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Lea K. Schneider

When It Comes to Existing Buildings Projects, Prepare for the Unexpected

August 2019

Lea K. Schneider
Published in the OSB Construction Law Section Newsletter, August 2019

Building materials and labor costs are at or near all-time highs.  Consequently, a number of building owners and developers are looking to existing buildings to create growth opportunities at a cost savings.  Developers may look to existing buildings to adapt a space for a new tenant or upgrade an existing building to allow for more modern use. Rehabbing existing structures includes varying level of uncertainties.  This is particularly true in existing buildings, when what lies beneath the floor and within the walls can be a mystery.  Worse yet, prior building modifications frequently vary in approach, material and quality throughout the building

Building Information Modeling (BIM) has a number of benefits that improve coordination and efficiency.  BIM allows project teams to efficiently identify and resolve issues before work starts.  Ideally, the streamlined communication between design professionals and contractors reduces costs and litigation exposure.  As a result, it is no surprise the BIM use is the standard for large commercial projects.  However, even the best technology has its limits.  When a design professional's knowledge about the structure of an existing building or its systems is limited, designing and implementing adaptations or upgrades can be challenging.

Handling the difficulties that come with limited information needs to be addressed at the beginning of the project.  The design team and client need to set expectations and understand the project goal.  The goal of the project will determine the level of information needed.  Generally, minor aesthetic changes require less detailed information and documentation than projects that require more significant changes (e.g. installation of heavy machinery, moving or altering walls, replacement of mechanical, electrical, or plumbing systems, or incorporation of a fire protection system).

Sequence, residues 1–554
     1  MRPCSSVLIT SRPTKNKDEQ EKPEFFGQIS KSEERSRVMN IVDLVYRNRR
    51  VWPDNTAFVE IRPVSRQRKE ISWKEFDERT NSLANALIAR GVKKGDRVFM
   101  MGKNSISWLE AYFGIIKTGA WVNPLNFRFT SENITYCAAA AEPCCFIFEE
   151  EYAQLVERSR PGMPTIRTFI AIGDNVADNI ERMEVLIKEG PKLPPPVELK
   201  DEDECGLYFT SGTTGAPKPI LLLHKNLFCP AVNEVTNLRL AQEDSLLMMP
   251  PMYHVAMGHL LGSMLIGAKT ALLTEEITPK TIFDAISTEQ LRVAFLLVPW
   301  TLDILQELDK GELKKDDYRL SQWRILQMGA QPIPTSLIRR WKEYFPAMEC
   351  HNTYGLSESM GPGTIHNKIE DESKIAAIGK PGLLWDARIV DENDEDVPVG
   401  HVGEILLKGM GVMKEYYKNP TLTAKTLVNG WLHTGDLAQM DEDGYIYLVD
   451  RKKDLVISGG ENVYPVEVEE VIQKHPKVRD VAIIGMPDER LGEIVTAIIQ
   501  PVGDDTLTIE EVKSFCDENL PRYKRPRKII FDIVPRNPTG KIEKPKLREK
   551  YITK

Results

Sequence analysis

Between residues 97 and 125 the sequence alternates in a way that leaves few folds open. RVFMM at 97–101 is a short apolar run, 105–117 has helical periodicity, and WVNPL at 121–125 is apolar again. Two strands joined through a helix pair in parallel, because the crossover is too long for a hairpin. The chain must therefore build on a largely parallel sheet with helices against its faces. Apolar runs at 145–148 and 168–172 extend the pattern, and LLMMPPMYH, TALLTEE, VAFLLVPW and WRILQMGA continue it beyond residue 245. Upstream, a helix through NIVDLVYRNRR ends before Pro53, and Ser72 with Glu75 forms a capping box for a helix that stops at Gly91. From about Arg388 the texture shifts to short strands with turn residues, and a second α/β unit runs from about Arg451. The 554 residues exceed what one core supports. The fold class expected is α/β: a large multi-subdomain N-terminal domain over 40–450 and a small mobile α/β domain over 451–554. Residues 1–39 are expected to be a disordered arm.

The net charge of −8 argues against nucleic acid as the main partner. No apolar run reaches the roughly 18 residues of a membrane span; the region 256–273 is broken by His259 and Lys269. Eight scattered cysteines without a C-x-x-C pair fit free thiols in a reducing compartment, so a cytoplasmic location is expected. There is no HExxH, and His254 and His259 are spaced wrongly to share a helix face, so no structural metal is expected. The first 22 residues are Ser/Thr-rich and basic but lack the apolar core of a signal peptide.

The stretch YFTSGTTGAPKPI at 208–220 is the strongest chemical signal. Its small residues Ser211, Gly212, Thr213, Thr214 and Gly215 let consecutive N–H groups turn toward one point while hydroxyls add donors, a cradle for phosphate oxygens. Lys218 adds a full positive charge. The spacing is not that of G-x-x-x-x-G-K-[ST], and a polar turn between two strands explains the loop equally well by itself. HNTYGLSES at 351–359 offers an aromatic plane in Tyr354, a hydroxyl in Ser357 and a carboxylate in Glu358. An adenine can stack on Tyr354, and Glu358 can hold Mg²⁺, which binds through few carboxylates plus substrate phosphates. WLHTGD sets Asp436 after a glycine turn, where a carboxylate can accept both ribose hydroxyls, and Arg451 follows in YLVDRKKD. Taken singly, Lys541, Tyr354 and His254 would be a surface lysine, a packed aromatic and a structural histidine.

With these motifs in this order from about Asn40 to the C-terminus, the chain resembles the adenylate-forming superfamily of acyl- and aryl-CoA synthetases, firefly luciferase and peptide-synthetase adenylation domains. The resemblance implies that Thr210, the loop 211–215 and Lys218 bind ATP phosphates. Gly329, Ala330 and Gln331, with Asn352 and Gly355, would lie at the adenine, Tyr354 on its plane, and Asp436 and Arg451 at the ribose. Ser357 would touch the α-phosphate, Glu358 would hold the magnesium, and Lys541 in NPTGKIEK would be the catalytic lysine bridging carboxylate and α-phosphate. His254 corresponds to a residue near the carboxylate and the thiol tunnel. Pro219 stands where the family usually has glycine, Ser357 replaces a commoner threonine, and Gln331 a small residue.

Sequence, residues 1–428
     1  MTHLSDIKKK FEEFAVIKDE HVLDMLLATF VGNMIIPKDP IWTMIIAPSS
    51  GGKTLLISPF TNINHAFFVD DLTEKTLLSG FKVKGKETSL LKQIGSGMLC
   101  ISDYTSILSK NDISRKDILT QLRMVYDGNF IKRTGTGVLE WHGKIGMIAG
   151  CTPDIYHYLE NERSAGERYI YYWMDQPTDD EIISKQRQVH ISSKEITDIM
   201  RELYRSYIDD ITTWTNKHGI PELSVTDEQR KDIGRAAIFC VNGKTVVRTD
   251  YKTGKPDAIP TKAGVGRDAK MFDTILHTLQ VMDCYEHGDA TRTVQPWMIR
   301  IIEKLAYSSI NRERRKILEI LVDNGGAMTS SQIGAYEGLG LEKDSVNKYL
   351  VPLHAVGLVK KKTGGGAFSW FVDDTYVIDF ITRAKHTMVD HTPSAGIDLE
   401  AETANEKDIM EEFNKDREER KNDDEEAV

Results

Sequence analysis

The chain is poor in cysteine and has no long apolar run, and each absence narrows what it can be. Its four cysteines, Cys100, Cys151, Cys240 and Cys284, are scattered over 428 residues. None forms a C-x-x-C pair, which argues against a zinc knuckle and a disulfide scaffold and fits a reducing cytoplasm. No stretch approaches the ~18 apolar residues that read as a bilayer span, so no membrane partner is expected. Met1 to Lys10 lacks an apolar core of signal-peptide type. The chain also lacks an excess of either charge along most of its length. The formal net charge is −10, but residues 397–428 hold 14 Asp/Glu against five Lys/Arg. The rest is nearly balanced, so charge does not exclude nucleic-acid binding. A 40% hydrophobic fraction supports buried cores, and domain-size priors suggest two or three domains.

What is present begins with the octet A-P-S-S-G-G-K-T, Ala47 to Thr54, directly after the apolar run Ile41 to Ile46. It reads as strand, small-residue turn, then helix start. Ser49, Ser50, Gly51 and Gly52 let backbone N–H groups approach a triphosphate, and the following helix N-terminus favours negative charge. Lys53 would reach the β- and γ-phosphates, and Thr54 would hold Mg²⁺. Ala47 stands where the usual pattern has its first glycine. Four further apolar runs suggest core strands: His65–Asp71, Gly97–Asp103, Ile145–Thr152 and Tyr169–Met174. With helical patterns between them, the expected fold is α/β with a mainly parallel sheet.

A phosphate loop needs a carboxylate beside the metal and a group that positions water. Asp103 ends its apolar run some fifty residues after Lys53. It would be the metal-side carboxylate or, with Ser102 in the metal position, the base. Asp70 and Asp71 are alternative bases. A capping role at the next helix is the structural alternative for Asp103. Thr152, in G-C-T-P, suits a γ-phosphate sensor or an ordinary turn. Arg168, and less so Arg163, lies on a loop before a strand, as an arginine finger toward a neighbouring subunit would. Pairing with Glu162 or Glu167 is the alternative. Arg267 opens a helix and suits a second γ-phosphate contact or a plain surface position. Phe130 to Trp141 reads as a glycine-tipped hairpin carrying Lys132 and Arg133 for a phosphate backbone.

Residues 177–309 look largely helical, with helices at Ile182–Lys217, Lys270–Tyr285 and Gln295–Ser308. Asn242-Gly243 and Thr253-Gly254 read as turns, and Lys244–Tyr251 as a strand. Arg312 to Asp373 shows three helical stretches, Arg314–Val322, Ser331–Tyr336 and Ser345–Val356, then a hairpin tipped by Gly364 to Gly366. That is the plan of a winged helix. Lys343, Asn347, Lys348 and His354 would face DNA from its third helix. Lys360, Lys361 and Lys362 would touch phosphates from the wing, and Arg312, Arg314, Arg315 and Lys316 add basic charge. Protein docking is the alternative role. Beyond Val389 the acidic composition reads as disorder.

BIM models can be generated a number of ways.  A design professional can start by entering the available historical information into the BIM file.  If historical documents are unavailable or incomplete, laser scanning is one way to supplement information.  A laser scan provides architects, engineers, and contractors detailed information regarding volumes of spaces.  The scans can be used to generate the BIM model or be overlaid on the BIM model to help verify that the available information is accurate.

The BIM model is used to create the drawing set the contractor will use for construction.  When an architect or engineer does not know what is concealed within an existing structure, they are forced to model the unknown, which then produces drawing sets that reflect portions of the building that are known with certainty, along with portions that are merely an educated guess.  Thus, it is important for the owner, design professionals, and contractors to discuss and understand what is known and what is not.

Because the unforeseen is almost a guarantee in an existing building, it is incumbent upon design professionals to make sure the owner is allocating a sufficient contingency to allow for the necessary flexibility to address the complications that may arise, including asbestos abatement, existing code violations, or any number of complications that could not be determined from historical documents and the other information on hand.  (For the sake of the project, hopefully the discovery does not include 10,000 year-old mammoth bones like those discovered during a 2016 expansion project at Oregon State University's Reser Stadium).

It is critical that construction contracts involving existing buildings address how unexpected conditions will be addressed, how deviations from the BIM model will impact the project, and who is responsible for coordinating and maintaining the BIM model.  Further, open communication between the design team and owner is necessary to appropriately manage timelines and prepare everyone to expect the unexpected.

Contact Lea at lschneider@sussmanshank.com or (503) 972-4257.

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